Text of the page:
In movie theaters, blockbusters like “Jurassic World: Dominion” and “Top Gun: Maverick” have also pulled in strong box office sales. The movie industry long been considered “recession proof,” since people who give up on pricier vacations or recurring Netflix subscriptions can often still afford movie tickets to escape for a few hours.

Alcohol is another category that’s generally protected from economic downturns, and people are going out to bars again after drinking more at home during the early days of the pandemic. Even as brewers, distillers and winemakers raise prices, companies are betting that people are willing to pay more for better-quality alcohol.

“Consumers continue to trade up, not down,” Molson Coors Beverage CEO Gavin Hattersley said on the company’s earnings call in early May. It might seem counterintuitive, but he said the trend is in line with recent economic downturns.

Alcohol sales have also been shielded in part because prices haven’t been rising as quickly as prices for other goods. In May, alcohol prices were up roughly 4% from a year ago, compared with the 8.6% jump for overall consumer price index.

Big airlines like Delta, American and United are also forecasting a return to profitability thanks to a surge in travel demand. Consumers have largely digested higher fares, helping airlines cover the soaring cost of fuel and other expenses, although domestic bookings have dipped in the last two months.

It isn’t clear whether the race back to the skies will continue after the spring and summer travel rushes. Business travel usually picks up in the fall, but airlines might not be able to count on that as some companies look for ways to curb expenses and even announce layoffs.

People’s desire to get out and socialize again is also boosting products like lipstick and high heels that were put away during the pandemic. That recently helped sales at retailers including Macy’s and Ulta Beauty, which last month boosted their full-year profit forecasts.

Luxury brands such as Chanel and Gucci are also proving to be more resilient, with wealthier Americans not as affected by climbing prices in recent months. Their challenges have been more concentrated in China of late, where pandemic restrictions persist.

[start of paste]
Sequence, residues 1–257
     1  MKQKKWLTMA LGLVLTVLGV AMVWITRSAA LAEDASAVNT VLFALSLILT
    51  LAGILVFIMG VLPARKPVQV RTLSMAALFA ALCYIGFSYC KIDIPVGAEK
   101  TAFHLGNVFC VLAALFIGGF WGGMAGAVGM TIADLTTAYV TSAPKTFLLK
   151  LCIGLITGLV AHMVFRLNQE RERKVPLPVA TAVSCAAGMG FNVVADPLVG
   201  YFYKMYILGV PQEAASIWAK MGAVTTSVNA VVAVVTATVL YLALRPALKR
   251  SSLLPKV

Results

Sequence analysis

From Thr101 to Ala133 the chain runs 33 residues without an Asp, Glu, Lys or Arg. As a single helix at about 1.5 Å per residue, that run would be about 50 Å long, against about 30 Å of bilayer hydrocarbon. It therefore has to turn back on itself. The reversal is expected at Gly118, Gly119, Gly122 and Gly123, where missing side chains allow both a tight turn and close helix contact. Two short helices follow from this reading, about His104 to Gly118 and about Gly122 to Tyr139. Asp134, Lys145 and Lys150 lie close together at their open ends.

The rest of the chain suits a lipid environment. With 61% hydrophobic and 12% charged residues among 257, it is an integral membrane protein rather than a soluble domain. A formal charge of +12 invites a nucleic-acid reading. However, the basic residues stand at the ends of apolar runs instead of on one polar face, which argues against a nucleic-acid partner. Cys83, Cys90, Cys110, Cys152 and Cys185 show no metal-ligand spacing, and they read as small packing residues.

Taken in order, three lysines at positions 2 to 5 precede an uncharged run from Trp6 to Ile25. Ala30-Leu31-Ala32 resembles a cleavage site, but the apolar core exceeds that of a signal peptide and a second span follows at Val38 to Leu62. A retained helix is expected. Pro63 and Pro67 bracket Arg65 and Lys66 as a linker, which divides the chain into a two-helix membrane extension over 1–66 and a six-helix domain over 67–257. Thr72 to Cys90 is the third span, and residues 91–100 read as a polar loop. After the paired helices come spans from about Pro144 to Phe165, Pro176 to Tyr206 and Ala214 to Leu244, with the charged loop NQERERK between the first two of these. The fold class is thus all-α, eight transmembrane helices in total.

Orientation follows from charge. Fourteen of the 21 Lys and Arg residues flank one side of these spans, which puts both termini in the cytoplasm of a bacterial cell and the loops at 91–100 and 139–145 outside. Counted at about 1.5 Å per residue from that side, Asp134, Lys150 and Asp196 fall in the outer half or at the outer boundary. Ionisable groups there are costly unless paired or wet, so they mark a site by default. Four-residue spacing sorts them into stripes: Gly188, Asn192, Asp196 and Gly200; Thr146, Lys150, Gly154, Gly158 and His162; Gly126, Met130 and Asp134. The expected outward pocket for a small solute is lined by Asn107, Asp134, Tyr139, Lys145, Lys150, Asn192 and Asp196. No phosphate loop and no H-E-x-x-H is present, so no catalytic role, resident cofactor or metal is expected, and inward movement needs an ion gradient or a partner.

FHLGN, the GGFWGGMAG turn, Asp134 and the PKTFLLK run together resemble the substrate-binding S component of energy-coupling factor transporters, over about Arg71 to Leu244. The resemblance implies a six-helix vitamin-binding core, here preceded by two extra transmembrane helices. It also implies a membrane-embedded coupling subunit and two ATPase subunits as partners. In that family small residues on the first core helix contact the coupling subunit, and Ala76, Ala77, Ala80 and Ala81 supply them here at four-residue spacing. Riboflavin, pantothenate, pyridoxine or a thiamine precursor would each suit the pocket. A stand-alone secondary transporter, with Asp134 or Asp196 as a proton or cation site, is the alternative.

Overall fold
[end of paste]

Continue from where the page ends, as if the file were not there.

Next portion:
But the fear is that this dynamic could change quickly, and these retailers’ short-term gains could evaporate. More than eight in 10 U.S consumers are planning to make changes to pull back on their spending in the next three to six months, according to a survey from NPD Group, a consumer research firm.

“There is a tug-of-war between the consumer’s desire to buy what they want and the need to make concessions based on the higher prices hitting their wallets,” said Marshal Cohen, chief retail industry advisor for NPD.

Homes, big-ticket items squeezed

The once red-hot housing market is among those clearly hurting from the slowdown.

Rising interest rates have dampened mortgage demand, which is now roughly half of what it was a year ago. Homebuilder sentiment has dropped to the lowest level in two years after falling for six consecutive months. Real estate firms Redfin and Compass both announced layoffs earlier this week.

“With May demand 17% below expectations, we don’t have enough work for our agents and support staff,” Redfin CEO Glenn Kelman wrote in an email to employees later posted on the company’s website.         

For the retail sector more broadly, data from the Commerce Department also showed a surprising 0.3% drop in overall in May from the previous month. That included declines at online retailers and miscellaneous store retailers such as florists and office suppliers.